The Day After

providence2I’m sore this morning. Grunting every time I descend another stair sore. Hobbling around like a 98-year-0ld man sore. And if experience holds I’ll be even sorer the day after the day after the marathon. Here’s a hilarious (and brief) video titled “The Day After the Marathon” which will give you a sense of how I’m feeling today.

Of course I’m not complaining — the aches and pains are reminders of a great day at the Providence Marathon. I ran the 26.2 miles in 4 hours, 9 minutes, and 59 seconds, shaving nearly 11 minutes off my previous best time, while averaging a 9:32 pace per mile.

Having only run marathons in major cities (Baltimore, Chicago, Boston) with thousands of other runners, this was a much more intimate experience (think 700 runners versus 30,000). Which has its advantages and disadvantages. Since we stayed at the host hotel, I was able to walk out my room 20 minutes before the race to get to the starting line. And on the other end Bryna, Ben, and Zack were able to watch me cross the finish line. Of course they all refused to hug me in my post-marathon state.

The real difference was in the crowd support. In Boston, the marathon is held every April on Patriots’ Day which, if you’ve ever lived in Beantown, is one giant party. There are literally people lined up on the course the entire way from the small towns at the start to the screaming women of Wellesley to the undergrads at Boston College urging you up Heartbreak Hill to Boyleston Street. If you feed off the energy of the crowds (and if you don’t, I’d need to check your pulse), it makes a big difference in those last few miles.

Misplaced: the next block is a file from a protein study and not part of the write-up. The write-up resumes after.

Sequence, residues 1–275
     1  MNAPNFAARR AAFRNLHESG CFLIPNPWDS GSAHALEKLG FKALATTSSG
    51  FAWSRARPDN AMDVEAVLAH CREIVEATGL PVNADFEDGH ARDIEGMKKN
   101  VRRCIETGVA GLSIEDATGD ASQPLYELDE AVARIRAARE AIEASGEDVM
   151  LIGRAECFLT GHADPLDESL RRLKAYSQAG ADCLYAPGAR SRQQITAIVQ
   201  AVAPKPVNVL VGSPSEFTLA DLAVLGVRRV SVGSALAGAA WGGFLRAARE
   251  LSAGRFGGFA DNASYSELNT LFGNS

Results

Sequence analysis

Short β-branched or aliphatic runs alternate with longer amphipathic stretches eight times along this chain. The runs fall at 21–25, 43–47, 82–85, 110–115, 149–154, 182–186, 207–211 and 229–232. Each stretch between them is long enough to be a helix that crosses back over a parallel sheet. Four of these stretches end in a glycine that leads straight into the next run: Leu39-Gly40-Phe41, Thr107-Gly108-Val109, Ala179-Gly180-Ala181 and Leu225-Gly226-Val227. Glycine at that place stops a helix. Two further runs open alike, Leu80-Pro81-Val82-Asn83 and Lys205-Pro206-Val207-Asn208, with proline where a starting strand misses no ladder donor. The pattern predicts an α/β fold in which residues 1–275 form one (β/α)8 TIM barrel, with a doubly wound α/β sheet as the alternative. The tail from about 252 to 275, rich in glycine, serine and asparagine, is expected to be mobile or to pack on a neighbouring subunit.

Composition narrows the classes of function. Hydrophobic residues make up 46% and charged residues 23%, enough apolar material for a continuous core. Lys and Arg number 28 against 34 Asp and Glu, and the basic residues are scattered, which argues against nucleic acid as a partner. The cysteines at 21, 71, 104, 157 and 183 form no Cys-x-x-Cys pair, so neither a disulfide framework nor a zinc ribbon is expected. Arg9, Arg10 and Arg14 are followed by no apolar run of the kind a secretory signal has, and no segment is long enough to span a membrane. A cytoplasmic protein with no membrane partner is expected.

In Providence there were some folks at the beginning and some at the very end. In between it was pretty quiet — you’d see the occasional group holding up a “Go Jen Go” sign or hear someone ringing a lonely cow bell. And at one point I heard someone yell to a friend “You go, girl!” — and I pretended they were rooting for me. But a smaller marathon really forces you inward, which can be a tough place to be when you begin to encounter (and hopefully overcome) The Wall.

One of the most rewarding things about the whole experience was raising over $2,100 for Episcopal Relief & Development. For me, raising money for charity while running a marathon adds a whole layer of meaning. It also allows me to use what is, in essence, a very self-focused activity to help others. And, not wanting to deny anyone the chance to donate, there’s still time! http://www.firstgiving.com/frtim. And if you already have givien to the cause, thank you — it means a tremendous amount to me and to those in extreme need throughout the world.

I’ll be hobbling around the next several days but it’s always worth it. As Lance Armstrong likes to say, “The pain is temporary; quitting lasts forever.”



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